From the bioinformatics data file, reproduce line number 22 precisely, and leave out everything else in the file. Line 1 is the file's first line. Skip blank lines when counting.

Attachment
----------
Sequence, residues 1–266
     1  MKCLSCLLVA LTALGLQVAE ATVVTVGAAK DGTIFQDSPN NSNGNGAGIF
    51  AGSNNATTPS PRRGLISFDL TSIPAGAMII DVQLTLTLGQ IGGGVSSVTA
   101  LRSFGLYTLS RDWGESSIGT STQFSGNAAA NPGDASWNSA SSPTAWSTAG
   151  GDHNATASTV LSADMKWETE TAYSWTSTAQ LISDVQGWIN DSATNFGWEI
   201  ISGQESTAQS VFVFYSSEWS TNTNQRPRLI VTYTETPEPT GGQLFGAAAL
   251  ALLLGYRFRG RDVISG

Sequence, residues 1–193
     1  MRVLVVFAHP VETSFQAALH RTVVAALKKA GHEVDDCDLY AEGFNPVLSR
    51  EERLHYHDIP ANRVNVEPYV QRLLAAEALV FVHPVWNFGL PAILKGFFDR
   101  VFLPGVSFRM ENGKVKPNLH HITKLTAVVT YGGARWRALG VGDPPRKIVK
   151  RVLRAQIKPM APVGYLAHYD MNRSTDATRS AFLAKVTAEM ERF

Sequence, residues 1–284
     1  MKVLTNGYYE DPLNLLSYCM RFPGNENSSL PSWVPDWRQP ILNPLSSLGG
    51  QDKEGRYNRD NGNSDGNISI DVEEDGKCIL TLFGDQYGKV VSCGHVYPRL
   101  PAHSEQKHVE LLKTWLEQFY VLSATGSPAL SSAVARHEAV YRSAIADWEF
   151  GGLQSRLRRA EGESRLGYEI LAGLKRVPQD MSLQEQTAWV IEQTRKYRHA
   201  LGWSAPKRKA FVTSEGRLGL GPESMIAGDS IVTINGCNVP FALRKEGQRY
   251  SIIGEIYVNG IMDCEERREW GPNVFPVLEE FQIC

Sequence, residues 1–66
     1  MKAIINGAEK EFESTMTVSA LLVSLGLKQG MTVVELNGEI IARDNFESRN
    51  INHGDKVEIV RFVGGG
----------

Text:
    51  INHGDKVEIV RFVGGG